Controlling oil prices is an opportunity for Saudi Arabia and Iran to work together and improve relations between the two countries, says Saudi Arabia’s Prince Turki al-Faisal.

“We all hope for an improvement in relationship between Saudi Arabia and Iran,” said Prince Turki at a Beirut Institute press briefing in Abu Dhabi on 21 February. “Oil is one factor that brings us together with Iran. Hopefully there can be some kind of arrangement within Opec that brings us together to agree on a programme of production and distribution of oil that will benefit not only the oil producers but also the consumers.”

Prince Turki stressed the importance of Saudi Arabia’s desire for the crude market to settle on a pricing level that is fair to both producers and consumers, adding that the recent agreement with Russia and other oil producers to freeze production at January 2016 levels could be the start of this process.

“[The] kingdom has been consistently pursuing a policy to be fair to the consumer as long as it is fair to producers. In that context, the recent agreement with Russia and other countries involved will hopefully bring the price of oil to a level that is agreeable and acceptable not only to producers, but also to consumers,” he said.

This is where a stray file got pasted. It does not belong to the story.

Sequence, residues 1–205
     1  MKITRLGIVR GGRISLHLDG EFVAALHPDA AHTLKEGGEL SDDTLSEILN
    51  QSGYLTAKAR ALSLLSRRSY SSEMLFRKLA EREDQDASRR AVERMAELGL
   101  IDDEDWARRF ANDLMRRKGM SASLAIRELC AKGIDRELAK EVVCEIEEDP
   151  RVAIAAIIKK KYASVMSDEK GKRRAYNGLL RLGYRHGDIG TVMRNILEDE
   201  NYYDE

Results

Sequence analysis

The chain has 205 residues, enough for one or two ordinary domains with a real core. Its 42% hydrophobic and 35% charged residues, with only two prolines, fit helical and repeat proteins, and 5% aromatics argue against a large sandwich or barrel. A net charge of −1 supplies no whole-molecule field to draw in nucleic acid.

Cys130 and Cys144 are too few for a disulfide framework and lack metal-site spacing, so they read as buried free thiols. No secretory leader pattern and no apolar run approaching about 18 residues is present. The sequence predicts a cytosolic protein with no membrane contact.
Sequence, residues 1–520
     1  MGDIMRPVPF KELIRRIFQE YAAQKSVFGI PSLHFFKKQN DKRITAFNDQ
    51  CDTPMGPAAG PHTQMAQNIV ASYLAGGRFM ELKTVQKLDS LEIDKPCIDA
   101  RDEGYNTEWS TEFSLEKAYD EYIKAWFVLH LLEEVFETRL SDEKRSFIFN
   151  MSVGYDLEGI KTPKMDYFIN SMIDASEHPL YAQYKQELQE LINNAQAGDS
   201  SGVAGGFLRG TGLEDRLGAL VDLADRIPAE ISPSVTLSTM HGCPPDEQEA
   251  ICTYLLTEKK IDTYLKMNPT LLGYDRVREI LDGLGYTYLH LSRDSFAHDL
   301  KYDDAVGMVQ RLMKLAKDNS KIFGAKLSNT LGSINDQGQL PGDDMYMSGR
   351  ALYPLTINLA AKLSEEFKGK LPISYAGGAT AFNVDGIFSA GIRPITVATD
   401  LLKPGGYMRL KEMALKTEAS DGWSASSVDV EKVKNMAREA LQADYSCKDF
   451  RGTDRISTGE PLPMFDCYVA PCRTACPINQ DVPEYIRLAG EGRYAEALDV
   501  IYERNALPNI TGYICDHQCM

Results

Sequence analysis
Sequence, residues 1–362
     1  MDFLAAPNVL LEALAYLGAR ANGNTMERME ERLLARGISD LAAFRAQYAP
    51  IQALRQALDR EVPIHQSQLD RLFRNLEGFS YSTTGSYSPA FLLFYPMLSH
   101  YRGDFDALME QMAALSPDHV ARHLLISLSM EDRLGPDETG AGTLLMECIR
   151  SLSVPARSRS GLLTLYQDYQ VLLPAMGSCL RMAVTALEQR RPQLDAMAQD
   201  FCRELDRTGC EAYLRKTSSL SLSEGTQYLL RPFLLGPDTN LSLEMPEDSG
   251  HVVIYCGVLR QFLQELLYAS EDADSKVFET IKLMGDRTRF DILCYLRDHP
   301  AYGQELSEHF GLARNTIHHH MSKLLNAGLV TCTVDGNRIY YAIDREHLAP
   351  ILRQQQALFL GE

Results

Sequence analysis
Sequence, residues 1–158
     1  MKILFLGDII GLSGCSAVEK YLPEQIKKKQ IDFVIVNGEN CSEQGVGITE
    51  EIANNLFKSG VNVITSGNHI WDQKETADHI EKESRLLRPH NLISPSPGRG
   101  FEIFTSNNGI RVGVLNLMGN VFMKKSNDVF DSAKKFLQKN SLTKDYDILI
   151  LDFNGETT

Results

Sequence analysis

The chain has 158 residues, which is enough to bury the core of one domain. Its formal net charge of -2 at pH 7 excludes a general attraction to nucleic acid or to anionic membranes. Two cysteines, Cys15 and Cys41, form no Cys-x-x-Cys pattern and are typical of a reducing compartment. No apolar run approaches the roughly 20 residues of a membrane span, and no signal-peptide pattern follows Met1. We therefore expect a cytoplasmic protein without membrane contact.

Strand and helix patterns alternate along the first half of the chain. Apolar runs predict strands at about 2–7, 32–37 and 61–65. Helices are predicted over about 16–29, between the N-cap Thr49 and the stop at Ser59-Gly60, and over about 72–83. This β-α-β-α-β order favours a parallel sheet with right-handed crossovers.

Oil prices have remained at about $30 a barrel this year and most forecasts have predicted they will remain weak throughout the rest of the year.

Relations between Riyadh and Tehran were placed under intense pressure at the start of this year after a mob in the Islamic Republic stormed the Saudi embassy. The mob was protesting Riyadh’s decision to execute Saudi Shia cleric Sheikh Nimr al-Nimr. The kingdom and other GCC states severed diplomatic relations in protest.

On the broader issue of Iran, Prince Turki said Tehran must make the next move if relations are to thaw. “The ball is in the Iranian court,” he said. “The kingdom has expressed publicly that Iran’s interference in the affairs of Arab states is a situation that is unacceptable. The public statements made by Iranian officials not only declare their interference in affairs of their neighbours, but they somehow seem to be proud of that.”